From British food critic Egon Ronay’s obituary in the Economist, June 26, 2010:
WHAT, Egon Ronay often asked himself, was the most unforgettable meal of his life?
It was, in fact, a mere cup of tea, costing a few pence, bought around 1950 from the buffet at Victoria station. It came from a big tea-urn at the corner of the counter, dispensed by a woman who slopped it into the cup and then indicated the sugar. That was heaped in a bowl, and dangling near the bowl was a spoon, which had somehow been tied to the ceiling with string so that customers would not steal it.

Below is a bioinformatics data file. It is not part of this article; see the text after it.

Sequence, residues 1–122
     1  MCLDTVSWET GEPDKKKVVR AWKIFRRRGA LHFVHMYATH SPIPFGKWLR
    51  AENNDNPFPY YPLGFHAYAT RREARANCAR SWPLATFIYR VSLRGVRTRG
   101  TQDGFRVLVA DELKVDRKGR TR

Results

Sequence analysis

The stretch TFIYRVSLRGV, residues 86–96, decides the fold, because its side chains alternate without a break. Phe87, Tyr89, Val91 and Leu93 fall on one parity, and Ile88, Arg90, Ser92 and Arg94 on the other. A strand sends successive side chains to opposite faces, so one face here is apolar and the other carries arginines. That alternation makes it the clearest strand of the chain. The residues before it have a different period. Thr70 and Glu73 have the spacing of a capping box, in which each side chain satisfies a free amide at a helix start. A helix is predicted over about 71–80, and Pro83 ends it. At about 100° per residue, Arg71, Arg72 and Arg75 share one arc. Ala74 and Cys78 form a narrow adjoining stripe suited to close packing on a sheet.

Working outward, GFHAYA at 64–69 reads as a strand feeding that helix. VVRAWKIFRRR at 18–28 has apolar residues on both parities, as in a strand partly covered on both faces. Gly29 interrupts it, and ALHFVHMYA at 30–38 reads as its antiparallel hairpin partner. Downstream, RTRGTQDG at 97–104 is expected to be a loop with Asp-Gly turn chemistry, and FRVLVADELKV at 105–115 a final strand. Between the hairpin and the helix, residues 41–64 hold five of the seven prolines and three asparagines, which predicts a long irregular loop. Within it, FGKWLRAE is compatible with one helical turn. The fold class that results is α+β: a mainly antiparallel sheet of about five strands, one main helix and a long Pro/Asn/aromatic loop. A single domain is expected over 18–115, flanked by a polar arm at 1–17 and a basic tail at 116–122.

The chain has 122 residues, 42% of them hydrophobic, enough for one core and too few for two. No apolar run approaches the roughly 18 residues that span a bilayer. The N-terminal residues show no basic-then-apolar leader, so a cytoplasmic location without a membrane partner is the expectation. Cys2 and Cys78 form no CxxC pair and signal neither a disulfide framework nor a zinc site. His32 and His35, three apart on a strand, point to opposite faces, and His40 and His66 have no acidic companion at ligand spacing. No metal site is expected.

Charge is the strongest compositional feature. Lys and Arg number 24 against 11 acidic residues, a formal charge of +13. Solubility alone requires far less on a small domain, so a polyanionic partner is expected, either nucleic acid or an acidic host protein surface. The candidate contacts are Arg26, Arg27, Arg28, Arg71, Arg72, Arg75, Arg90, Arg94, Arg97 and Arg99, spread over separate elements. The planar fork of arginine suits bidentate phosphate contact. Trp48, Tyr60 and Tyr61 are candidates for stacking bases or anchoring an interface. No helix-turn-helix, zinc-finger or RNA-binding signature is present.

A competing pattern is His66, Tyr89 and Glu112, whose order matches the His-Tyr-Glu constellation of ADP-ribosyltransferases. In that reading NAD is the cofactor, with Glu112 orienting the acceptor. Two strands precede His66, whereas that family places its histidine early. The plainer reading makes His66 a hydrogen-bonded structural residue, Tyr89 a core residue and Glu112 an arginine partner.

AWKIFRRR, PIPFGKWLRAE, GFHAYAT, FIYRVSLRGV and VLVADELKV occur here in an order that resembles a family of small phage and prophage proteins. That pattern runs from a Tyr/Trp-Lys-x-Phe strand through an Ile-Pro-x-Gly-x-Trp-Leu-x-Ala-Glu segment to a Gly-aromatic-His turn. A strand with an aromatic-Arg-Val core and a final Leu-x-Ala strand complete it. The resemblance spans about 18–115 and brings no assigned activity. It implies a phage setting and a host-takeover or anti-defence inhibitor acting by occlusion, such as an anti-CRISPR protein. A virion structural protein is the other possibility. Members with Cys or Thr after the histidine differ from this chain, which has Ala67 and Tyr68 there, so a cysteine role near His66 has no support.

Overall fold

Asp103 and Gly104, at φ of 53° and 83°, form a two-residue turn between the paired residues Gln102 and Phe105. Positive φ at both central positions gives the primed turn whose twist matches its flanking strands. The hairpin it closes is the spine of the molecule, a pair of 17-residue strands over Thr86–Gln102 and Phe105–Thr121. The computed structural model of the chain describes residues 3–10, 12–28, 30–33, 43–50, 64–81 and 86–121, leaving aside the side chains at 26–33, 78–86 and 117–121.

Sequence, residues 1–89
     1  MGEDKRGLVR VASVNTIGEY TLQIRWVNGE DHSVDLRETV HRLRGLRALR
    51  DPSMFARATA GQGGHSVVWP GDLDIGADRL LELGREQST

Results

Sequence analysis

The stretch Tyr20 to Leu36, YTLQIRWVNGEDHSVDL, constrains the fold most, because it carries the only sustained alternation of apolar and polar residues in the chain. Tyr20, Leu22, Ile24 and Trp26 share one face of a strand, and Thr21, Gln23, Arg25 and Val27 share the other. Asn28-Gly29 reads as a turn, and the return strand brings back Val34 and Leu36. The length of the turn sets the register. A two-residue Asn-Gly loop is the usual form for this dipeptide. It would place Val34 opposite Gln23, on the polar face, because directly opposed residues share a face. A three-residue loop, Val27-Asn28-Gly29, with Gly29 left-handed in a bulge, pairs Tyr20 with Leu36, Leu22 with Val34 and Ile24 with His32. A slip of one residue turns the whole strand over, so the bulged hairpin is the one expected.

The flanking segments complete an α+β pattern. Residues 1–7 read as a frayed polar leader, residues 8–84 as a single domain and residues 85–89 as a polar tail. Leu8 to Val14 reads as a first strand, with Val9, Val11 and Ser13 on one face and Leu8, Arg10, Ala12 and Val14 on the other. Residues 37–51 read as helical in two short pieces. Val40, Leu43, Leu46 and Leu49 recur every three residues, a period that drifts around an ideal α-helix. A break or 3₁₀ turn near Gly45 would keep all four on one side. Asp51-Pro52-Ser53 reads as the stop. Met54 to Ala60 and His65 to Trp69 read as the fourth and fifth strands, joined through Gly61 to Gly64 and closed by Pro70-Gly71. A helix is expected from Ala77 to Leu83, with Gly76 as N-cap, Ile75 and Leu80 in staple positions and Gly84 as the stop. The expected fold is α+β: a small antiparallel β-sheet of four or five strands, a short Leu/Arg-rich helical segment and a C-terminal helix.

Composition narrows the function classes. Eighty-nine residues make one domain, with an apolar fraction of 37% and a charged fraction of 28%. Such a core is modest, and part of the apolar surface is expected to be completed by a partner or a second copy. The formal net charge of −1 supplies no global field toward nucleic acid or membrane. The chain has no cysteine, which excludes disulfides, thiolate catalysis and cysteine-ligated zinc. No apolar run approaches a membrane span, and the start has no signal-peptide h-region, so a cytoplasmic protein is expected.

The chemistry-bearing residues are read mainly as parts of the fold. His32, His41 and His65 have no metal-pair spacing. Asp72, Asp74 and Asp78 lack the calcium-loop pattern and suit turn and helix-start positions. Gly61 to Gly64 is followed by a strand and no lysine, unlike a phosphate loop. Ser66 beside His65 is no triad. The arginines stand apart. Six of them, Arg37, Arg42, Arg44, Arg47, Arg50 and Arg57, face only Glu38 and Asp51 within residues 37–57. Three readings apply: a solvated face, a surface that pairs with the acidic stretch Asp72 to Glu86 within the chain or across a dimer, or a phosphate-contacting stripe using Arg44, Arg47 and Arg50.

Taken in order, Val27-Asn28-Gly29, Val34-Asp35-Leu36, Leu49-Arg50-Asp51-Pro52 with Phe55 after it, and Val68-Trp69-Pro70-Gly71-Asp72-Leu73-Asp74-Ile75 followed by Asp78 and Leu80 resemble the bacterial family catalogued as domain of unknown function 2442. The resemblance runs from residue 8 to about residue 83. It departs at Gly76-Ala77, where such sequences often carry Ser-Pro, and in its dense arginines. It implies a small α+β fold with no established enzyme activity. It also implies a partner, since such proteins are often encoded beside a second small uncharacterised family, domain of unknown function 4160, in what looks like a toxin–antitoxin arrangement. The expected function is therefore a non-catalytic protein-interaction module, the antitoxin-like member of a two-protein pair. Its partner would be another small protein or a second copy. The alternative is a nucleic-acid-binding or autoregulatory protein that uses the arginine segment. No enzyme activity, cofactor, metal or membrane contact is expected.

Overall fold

The sight of the spoon was a Damascene moment for Mr Ronay. It summed up all the culinary horrors of the country to which, in 1946, he had fled. By and large he admired his adoptive land, but for one thing: the British would never complain about their dreadful food, but soldiered on, inured to suffering by wartime austerity and Dickensian public schools. Venturing into a restaurant, they would quietly and even gratefully accept some tepid muck masquerading as Brown Windsor soup, with a smear of margarine on bread, followed by Spam and bottled salad cream on two wilting leaves of lettuce, topped off by jelly and custard. It would not do. In that station buffet, Mr Ronay was launched on a tide of anger into the crusade that came to consume his life. He would tell the British what good food was, and where they could hope to find it.